Amazon’s moved the e-commerce fashion fight from the doorstep to in front of the bedroom mirror, launching a beta test for Prime Wardrobe.
With the new service, which was revealed today but has not yet launched, Amazon’s millions of Prime members can order fashions to try on at home, keeping only what they want. The service offers over a million items across women’s, men’s and kids and gives shoppers seven days to try them on at home. Returns can be left at the front door, where the box will be picked up.
Prime Wardrobe will include styles from Calvin Klein, Levi’s, Adidas, Timex, Theory, Hugo Boss, Lacoste, J Brand, Milly, Parker and more.
There is no minimum or fee beyond Prime membership and shipping is free both ways — making good use of the logistical might Amazon’s been spending heavily to build. Shoppers get a 10 percent discount for keeping three or four items and a 20 percent discount off five or more pieces.
The web giant described it as, “The fitting room that fits into your life.”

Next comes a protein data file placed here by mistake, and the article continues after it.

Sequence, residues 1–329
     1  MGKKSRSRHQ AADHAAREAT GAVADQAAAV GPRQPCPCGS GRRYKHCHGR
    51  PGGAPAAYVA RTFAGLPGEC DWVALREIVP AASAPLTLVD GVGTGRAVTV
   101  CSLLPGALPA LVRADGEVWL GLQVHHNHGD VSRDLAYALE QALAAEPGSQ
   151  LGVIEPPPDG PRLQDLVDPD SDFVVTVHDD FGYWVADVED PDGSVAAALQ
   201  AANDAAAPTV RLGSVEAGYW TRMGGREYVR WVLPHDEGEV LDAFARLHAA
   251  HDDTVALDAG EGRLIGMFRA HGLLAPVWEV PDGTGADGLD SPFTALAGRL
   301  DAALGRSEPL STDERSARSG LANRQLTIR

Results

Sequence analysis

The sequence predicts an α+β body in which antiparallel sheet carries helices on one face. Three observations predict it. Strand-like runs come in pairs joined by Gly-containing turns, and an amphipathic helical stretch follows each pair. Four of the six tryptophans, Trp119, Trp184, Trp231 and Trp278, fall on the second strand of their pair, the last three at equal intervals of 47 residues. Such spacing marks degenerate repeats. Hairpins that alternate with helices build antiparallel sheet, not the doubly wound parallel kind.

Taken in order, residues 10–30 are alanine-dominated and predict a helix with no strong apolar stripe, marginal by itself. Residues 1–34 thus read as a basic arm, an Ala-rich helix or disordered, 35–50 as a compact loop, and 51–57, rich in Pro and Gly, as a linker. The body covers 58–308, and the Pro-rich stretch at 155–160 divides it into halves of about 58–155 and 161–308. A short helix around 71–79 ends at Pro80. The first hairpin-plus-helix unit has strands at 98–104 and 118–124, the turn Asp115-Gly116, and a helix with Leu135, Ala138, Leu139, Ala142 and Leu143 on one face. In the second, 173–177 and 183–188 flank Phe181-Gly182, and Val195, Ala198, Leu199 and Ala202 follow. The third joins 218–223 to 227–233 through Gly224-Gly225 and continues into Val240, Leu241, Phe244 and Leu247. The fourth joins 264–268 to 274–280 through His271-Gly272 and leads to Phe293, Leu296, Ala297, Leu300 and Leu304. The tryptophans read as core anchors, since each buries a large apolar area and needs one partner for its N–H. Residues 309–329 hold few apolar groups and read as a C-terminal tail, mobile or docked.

Amazon’s taking a page from players such as Stitch Fix, which has been gaining steam and grew revenues to $730 million last year by letting users try on looks at home. While Stitch Fix uses a combination of artificial intelligence and full-time stylists to recommend looks tailored for each user, Amazon brings to the table its massive scale, logistics expertise, aggressive stance and nearly endless supply of funds. Amazon has also been working on ways to recommend looks to shoppers.
Since the dawn of e-commerce, shoppers and retail experts have said stores have one big advantage — the product in real life to touch and feel and try on. If Prime Wardrobe takes off, that advantage would lessen, leaving retailers scrambling all the more. Already, stores of all stripes are struggling mightily to figure out the right combination of online and store to serve the needs of shoppers.
Amazon is not afraid to experiment and has been working hard to find the right fit in fashion. Last year, it launched an livestreaming shopping show akin to HSN or QVC, but shut down the effort this spring.
It is also getting directly into retail now, with a $13.7 billion deal to buy Whole Foods.
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